The Texas Parks and Wildlife Department (TPWD) estimates the statewide whitetail population to be around 5.4 million deer, down slightly from previous years. However, biologists are optimistic about antler quality and fawn recruitment, the technical term for the number of fawns that survive from birth until fall.
“Even though dry conditions existed throughout much of the state at the end of 2020, coupled with the early 2021 winter storm, the late spring rains provided needed relief and accelerated forb (weeds and flowering plants) and grass production have helped to bolster deer body conditions ahead of the fall and winter,” TPWD writes.
“Statewide, antler quality is predicted to be well above average. Native forages, vital to providing the quality nutrition needed to produce large antlers, were plentiful during the critical antler growing months of April and May. These conditions were perpetuated into early August from additional early summer rains and should help bucks maximize antlers as they finish out the growing season.”
Out of all the regions in Texas, the Edwards Plateau has the highest deer population, greater than 2 million deer this year. Though the South Texas Plains region has fewer deer, the harvest rate per 1,000 acres in this region is estimated to equal the Edwards Plateau rate.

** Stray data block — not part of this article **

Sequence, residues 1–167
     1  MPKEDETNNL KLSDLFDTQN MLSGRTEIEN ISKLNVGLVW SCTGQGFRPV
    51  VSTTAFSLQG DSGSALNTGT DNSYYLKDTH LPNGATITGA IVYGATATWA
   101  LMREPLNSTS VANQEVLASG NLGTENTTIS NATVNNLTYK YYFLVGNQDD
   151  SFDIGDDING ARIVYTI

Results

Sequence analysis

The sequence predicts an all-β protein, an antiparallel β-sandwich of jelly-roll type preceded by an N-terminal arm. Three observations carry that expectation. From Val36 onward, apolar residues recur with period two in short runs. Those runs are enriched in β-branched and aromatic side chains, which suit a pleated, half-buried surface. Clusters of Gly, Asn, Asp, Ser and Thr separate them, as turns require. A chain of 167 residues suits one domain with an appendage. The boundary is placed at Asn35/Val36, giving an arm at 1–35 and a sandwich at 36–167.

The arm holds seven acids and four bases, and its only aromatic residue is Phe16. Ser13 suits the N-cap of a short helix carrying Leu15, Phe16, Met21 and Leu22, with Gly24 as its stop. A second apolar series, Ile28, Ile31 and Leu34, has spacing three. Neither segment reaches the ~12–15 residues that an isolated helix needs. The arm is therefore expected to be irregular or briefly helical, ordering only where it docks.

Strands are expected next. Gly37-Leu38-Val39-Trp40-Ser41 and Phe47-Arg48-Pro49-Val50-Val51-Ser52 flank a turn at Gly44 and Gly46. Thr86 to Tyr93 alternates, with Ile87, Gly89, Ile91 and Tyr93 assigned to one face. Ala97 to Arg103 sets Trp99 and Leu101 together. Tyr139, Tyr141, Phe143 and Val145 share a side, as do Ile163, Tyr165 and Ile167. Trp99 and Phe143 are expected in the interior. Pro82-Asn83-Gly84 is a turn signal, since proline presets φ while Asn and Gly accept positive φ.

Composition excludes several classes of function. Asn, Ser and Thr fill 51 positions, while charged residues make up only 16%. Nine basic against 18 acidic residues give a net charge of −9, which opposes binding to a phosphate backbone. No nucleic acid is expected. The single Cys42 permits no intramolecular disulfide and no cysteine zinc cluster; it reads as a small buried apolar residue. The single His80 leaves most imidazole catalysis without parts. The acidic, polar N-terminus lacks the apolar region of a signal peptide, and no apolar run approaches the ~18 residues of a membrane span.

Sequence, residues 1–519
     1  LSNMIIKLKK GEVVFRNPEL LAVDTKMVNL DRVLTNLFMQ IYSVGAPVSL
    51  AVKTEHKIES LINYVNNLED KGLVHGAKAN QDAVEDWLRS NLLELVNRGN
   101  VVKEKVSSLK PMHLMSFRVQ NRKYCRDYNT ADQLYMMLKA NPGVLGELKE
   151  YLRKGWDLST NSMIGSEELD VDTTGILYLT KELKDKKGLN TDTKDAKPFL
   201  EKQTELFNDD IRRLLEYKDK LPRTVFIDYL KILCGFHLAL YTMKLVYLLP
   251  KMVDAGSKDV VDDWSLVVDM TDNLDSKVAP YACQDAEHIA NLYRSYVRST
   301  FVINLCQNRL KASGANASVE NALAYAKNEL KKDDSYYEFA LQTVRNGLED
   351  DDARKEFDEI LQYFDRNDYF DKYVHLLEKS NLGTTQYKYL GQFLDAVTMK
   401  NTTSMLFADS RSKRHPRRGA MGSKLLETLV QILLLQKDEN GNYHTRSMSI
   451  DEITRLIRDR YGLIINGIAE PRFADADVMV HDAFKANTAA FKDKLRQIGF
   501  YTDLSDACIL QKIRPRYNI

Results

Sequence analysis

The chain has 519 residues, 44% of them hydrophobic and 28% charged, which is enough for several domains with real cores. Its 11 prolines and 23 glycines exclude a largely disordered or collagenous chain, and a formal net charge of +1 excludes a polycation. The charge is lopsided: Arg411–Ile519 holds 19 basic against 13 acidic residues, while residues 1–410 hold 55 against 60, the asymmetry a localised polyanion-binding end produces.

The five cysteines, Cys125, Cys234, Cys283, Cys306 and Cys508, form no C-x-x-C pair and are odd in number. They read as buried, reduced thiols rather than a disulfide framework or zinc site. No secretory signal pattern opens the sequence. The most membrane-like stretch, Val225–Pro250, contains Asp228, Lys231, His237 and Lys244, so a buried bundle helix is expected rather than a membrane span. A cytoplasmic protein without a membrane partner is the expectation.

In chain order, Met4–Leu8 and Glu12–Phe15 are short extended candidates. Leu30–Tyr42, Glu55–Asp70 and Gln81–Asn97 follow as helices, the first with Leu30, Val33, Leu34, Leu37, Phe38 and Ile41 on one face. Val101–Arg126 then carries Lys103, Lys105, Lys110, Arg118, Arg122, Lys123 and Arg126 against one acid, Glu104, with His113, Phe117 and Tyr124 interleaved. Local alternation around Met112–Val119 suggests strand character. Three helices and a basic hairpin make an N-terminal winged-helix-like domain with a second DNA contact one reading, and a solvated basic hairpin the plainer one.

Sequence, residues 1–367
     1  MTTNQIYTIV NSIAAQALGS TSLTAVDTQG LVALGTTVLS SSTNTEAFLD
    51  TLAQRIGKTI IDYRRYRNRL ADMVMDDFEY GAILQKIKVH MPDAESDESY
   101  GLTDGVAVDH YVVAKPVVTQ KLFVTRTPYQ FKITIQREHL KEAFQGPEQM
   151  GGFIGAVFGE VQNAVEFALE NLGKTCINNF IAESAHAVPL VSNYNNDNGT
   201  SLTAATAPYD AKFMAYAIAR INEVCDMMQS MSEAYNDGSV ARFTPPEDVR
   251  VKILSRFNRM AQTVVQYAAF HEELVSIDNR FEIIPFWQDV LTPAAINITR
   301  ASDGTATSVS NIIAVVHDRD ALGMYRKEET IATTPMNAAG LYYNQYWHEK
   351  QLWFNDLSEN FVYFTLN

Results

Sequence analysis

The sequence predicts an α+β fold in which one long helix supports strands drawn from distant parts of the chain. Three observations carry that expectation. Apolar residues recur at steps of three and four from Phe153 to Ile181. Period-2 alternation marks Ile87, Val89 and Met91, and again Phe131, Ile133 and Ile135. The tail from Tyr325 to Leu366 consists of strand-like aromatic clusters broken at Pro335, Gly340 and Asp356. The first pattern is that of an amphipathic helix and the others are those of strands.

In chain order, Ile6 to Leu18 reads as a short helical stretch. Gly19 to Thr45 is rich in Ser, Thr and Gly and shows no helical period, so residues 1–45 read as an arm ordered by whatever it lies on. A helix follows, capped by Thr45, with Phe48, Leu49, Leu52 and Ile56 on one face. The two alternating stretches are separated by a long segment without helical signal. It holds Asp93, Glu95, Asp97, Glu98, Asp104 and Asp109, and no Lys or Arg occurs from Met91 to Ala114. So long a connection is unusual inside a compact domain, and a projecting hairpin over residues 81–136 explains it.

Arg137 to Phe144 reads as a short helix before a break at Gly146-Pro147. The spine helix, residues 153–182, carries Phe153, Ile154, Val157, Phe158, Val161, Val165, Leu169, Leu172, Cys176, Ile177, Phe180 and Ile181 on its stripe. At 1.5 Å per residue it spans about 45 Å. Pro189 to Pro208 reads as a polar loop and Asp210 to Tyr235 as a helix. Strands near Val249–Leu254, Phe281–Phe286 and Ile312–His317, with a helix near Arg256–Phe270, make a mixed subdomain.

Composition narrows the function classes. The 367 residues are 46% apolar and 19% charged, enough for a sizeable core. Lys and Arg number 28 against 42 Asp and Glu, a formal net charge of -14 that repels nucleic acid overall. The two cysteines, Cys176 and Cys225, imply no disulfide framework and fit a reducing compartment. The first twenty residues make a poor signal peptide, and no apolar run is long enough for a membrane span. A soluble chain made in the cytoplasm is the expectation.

Biologists expect higher concentrations of older bucks in the Hill Country and South Texas Plains region compared to other areas of the state.
Turkey season is not as widespread as deer in Texas, with only 177 of the state’s 254 counties participating. For the season beginning today, the turkey hunting zones reach from the Panhandle to the Rio Grande Valley in a rough stripe mostly between the Interstate 35 corridor and the Pecos River. The spring season includes more East Texas counties and two more West Texas counties, Jeff Davis and Brewster.
As with deer, TPWD Wild Turkey Program Leader Jason Hardin forecasts a healthy turkey population this year. Despite the severe freeze in February, the subsequent rainfall and mild summer should have made for a strong recovery by fall.
“If you had birds last year in the areas that you’re hunting, you’ll have them again this year,” Hardin said. “We’ve had a pretty decent hatch the last few years, so across most of the state, you should have similar opportunities to what you’ve had in the past.”
Antler restrictions apply in 117 counties. Also, for the first time, all wild turkeys harvested in Bastrop, Caldwell, Colorado, Fayette, Jackson, Lavaca, Lee, Matagorda, Milam, and Wharton counties now have mandatory harvest reporting requirements.
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